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Council Files Amicus Brief to Protect Vulnerable Urban Students From Being Undercounted in 2020 Census


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Council Files Amicus Brief to Protect Vulnerable Urban Students From Being Undercounted in 2020 Census

Big-City Students Face Adverse Financial and Educational Impact

If Citizenship Question is Added to Census

 

WASHINGTON, April 1 --The Council of the Great City Schools, the nation’s primary coalition of  74 large city public school systems, filed an amicus curiae brief with the Supreme Court of the United States urging the nation’s highest Court to reject an appeal by the U.S. Commerce Department to add a citizenship question to the 2020 census because it would have a negative impact on the millions of students and families the Council serves.

The Council’s members have significant non-citizen and Hispanic populations in their school communities. The population count derived from the 2020 census will be used to allocate billions of dollars in federal funding, a substantial amount that supports K-12 schools, including non-public and charter schools. 

Earlier this year, federal district courts ruled that adding a citizenship question to the 2020 census would lower self-response rates among non-citizens and Hispanics, resulting in the misallocation of millions of dollars in federal funding, including funds supporting federal education programs intended to help schools serve the nation’s most vulnerable students.

Districts represented by the Council educate a significant number of students from low-income families and students with disabilities, who benefit from the two biggest federal education programs, both of which rely on census data: Title I of the Elementary and Secondary Education Act (ESEA) and the Individuals with Disabilities Education Act (IDEA).

Millions of Dollars in Misallocated Funds

 The Council analyzed data from six member school districts and found that they could lose millions of dollars, every year for the next decade, in funding for federal education programs if the citizenship question is included in the 2020 census.  

A conservative undercount of 2 percent of non-citizen and Hispanic individuals would result in a reduction of $3,990,081 a year in Title I funds for the Los Angeles Unified School District; $942,727 for Chicago Public Schools; and $753,030 for the Dallas Independent School District.

A 5.8 percent undercount of non-citizens and Hispanic individuals, which a federal court found that adding the citizenship questions would likely result in, would lead to a loss of $1,240,347 a year in Title I funds for the Clark County School District in Las Vegas and $5,606,422 for Miami-Dade County Public Schools. In addition, the nation’s largest school district, the New York city public schools, would lose $10,030,341 a year in Title I funds.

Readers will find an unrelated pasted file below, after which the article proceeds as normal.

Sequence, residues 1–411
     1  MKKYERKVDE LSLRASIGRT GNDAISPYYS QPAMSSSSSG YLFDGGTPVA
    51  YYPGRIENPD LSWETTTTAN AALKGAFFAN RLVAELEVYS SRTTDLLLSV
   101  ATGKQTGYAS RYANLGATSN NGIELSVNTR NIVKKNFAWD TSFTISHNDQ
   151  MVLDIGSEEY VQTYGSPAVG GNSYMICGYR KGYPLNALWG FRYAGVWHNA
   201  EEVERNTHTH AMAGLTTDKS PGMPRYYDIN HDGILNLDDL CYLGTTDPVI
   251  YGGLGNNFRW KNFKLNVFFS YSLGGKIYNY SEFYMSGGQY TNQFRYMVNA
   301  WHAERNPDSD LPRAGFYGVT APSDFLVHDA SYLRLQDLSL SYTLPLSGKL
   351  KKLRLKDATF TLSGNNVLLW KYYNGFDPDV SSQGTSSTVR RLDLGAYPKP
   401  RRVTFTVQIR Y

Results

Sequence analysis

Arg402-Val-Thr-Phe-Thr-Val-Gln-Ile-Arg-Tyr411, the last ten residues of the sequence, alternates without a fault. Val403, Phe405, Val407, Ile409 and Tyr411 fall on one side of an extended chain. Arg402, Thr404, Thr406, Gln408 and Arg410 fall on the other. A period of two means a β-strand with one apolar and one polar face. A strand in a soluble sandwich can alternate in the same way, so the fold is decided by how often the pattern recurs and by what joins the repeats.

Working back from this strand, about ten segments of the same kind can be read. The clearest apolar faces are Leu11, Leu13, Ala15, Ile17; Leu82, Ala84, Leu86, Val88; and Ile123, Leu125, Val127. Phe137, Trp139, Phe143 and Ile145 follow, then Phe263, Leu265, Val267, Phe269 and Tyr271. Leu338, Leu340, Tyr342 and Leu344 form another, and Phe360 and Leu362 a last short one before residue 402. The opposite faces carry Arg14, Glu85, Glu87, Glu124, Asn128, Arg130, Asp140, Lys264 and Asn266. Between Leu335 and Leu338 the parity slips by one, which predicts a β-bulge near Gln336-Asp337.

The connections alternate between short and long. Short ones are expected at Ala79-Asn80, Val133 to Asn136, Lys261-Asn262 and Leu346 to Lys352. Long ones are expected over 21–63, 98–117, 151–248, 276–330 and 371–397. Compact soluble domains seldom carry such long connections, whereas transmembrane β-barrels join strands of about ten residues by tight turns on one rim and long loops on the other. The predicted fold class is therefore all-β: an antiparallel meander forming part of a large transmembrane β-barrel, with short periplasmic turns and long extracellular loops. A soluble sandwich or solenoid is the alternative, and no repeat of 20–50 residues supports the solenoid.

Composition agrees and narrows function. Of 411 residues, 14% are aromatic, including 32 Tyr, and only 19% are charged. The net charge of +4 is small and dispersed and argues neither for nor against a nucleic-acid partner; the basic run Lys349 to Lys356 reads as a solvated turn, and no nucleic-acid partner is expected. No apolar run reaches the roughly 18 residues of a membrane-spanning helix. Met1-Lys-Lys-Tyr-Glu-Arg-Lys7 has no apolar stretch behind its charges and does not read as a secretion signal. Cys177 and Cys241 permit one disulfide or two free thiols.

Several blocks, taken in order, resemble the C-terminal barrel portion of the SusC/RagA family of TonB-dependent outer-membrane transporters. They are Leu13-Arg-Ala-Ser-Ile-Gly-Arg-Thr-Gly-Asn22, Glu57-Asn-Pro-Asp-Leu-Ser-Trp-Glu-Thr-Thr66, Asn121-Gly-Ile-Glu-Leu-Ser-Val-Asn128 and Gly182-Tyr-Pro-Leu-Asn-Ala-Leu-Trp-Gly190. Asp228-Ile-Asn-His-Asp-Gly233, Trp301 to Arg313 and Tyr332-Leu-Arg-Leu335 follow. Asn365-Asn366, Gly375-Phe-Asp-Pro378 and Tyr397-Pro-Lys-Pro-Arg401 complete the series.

Council staff also calculated the estimated national misallocation of Title I funds if a significant undercount of “mixed-immigration status families” occurred. (These are families whose members include people with mixed citizenship or immigration status.)  Even a conservative 2 percent undercount would yield a national misallocation of $52.3 million, while a more modest 5.8 percent undercount could result in $151.7 million in misallocated Title I funds. A higher undercount of 10 percent of non-citizens, which a district court has found to be a possibility, could result in a startling $261.6 million nationally in misallocated Title I funds.  

Decreases of this magnitude in federal education funding would have a significant negative impact on the educational opportunities available to students represented by Council districts. In the Los Angles school system, the loss of Title I funds would require the district to eliminate as many as 200 teachers, counselors, librarians, nurses, and psychologists. 

The Dallas school district Title I program provides support services to 151,418 students, many of whom come from extremely low-income households. These services include a program to help students who have been suspended transition successfully back into school and a program to support homeless students and their families.

The Miami-Dade County Public Schools currently serves 331 Title I schools with more than 235,312 students. The anticipated undercount would require the school district to reduce federal Title I funds to schools, resulting in the loss of classroom teachers, instructional coaches and community intervention specialists. The loss of these personnel would not just affect low-income students, but because the district operates many Title I school-wide programs, all students in those schools would be negatively affected.

“Adding a citizenship question to the 2020 census would have a detrimental effect on ensuring the nation’s big-city school systems fulfill their mission of providing educational opportunity to all students, including students with disabilities and from low-income families,” said Council Executive Director Michael Casserly. “It would be incongruent to the ruling of Plyler, which requires all school districts to provide services to all students regardless of citizenship. The Council’s brief implores the highest Court not to allow this injustice and to affirm the district court.”

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Click here to download the press release